Many studies suggest nasal continuous positive airway pressure is an effective and relatively complication-free means of respiratory support in premature infants. However, only limited data exist regarding the practical aspects of nasal continuous positive airway pressure delivery, including the best way to provide the positive airway pressure.Design:
Our aim was to compare the results of treatment using two different nasal continuous positive airway pressure devices: variable flow Infant Flow and constant flow nasal continuous positive airway pressure in two different groups of very-low-birth-weight infants in a multicenter randomized controlled trial. The indication groups were elective to avoid intubation and weaning from mechanical ventilation.Setting:
Twelve leading tertiary care neonatal centers in Poland.Patients:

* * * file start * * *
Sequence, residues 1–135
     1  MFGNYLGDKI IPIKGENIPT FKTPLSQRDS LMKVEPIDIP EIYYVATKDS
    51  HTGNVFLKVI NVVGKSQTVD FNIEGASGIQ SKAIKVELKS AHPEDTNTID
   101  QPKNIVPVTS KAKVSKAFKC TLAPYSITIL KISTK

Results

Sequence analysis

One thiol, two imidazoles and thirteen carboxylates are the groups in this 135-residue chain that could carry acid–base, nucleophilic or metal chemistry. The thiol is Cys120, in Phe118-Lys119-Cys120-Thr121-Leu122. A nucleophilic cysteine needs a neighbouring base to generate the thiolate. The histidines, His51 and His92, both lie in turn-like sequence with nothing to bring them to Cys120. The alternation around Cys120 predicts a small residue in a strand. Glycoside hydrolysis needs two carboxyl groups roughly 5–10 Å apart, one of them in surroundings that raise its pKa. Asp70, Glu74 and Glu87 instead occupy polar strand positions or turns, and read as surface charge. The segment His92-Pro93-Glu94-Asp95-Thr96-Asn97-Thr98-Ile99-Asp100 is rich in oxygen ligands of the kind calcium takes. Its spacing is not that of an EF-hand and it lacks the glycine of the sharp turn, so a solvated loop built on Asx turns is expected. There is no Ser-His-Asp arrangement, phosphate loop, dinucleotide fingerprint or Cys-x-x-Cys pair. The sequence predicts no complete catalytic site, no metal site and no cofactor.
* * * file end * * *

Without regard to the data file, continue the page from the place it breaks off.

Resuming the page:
Among 276 infants (weighing between 750–1500g, with a gestational age ≤32 wks) enrolled, 51% were randomized to receive Infant Flow and 49% to receive constant flow nasal continuous positive airway pressure.Measurements and Main Results:
Treatment success (i.e., no need for intubation/reintubation) occurred in 75% of our patients with a nonstatistically significant advantage seen with Infant Flow. The incidence of severe nasal complications and necrotizing enterocolitis were statistically significantly lower in the infants treated with Infant Flow. In our study, factors associated with elective nasal continuous positive airway pressure failure were birth weight ≤1000 g, gestational age ≤28 wks, clinical risk index for babies score >1, and PaO2/FIO2 ratio of <150. Only birth weight ≤1000 g was associated with weaning failure.Conclusions:
We found fewer severe nasal complications but no statistically significant advantage in treatment success in infants assigned to Infant Flow nasal continuous positive airway pressure compared with those assigned to constant flow nasal continuous positive airway pressure treatment. Significant risk factors of treatment failure include small size, maturity, and severity of respiratory distress syndrome.